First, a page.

We need a Captain that takes no prisoner’s, who has nothing but a winning mentality, whose heart is so big that it won’t fit inside his chest and someone that refuses to rationalize the reason for losses and ties – in his mind they are simply unacceptable.

He has to be the vocal on field General, organiser and motivator; he needs a dynamo for his engine, he needs to show by example how to play the game and he will never – ever give up.

Stand up Thomas Vermaelen.

 To come..

Part 3 – Heart, Desire, Commitment, Passion, Pride

Part 4 – Entitlement vs. Reality

Part 5 – Size and Physicality

Part 6 – The team

Part 7 – The Management

Part 8 –  2011/12

Part 9 – Arsenal through the decades

Today marks the anniversary of our amazing 2-0 win at Liverpool in 1989 which secured the title and led to great celebrations amongst Gooners. Last year we published an article written by BigRaddy to mark the occasion, it’s a timeless masterpiece, read and enjoy http://arsenalarsenal.wordpress.com/2010/05/30/a-belated-happy-birthday-and-the-renaissance-of-football/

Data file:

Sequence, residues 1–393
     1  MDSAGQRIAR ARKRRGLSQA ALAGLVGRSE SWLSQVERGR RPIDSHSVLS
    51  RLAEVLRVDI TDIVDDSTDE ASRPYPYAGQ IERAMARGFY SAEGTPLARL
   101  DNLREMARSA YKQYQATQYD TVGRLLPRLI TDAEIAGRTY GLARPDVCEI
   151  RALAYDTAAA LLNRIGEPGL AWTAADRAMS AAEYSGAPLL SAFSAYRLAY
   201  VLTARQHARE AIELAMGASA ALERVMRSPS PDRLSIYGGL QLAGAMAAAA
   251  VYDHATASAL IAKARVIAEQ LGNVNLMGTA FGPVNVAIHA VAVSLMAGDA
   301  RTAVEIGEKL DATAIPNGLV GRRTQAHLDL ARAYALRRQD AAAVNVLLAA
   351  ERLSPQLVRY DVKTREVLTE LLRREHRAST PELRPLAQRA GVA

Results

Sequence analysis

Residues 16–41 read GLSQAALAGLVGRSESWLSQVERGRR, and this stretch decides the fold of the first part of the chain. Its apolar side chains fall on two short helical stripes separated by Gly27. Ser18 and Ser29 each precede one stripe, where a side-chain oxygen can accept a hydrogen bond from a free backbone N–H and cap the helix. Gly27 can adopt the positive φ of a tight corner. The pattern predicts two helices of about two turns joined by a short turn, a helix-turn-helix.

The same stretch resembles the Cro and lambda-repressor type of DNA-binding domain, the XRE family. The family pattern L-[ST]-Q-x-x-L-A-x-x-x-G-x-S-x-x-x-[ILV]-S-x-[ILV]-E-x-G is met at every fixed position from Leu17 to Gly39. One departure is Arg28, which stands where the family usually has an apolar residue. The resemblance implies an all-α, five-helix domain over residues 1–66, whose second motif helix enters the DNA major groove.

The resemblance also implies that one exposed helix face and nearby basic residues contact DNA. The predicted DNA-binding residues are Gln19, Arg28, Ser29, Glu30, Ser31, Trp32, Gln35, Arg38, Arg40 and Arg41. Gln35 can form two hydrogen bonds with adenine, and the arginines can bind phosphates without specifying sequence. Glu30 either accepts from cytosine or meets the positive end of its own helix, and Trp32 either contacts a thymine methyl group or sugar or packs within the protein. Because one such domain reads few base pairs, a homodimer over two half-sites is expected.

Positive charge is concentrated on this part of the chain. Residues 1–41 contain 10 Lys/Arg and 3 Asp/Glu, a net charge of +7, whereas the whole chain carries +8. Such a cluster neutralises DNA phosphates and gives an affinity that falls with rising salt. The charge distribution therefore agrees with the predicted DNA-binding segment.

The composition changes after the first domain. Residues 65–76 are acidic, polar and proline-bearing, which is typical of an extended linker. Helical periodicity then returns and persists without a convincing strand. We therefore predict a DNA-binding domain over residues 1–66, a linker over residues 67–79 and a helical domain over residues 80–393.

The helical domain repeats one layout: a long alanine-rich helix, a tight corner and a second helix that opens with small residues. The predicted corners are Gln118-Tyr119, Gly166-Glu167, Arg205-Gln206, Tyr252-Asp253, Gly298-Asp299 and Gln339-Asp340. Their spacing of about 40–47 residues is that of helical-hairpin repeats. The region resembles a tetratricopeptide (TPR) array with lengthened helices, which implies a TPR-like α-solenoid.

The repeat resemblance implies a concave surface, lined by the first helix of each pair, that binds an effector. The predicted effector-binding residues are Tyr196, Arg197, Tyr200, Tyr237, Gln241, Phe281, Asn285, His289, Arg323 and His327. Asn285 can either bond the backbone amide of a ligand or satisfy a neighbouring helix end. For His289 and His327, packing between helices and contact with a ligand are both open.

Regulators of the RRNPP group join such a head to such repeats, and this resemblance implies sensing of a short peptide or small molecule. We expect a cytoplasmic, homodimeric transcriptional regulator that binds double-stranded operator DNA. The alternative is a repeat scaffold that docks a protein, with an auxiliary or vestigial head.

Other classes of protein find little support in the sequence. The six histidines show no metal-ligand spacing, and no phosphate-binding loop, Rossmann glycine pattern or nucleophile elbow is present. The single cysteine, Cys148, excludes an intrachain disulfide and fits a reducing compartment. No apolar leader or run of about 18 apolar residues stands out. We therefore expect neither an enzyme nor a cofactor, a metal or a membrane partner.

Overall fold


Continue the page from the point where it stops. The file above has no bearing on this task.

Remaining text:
Happy 26th May to all.


Goal of the month? Of the season? Is our passing game killing us?

May 25, 2011

Written by WiganGooner

When we look for markers during the summer to show us where we went wrong I think we should consider the lack of true quality we have shown up front this season.

Playing one up front has stifled our attacking threat to a point that when we do bomb forward to try and press home advantage and nick a goal (because that’s all we seem to do now) we leave ourselves open on the counter. How many times have we seen it this season?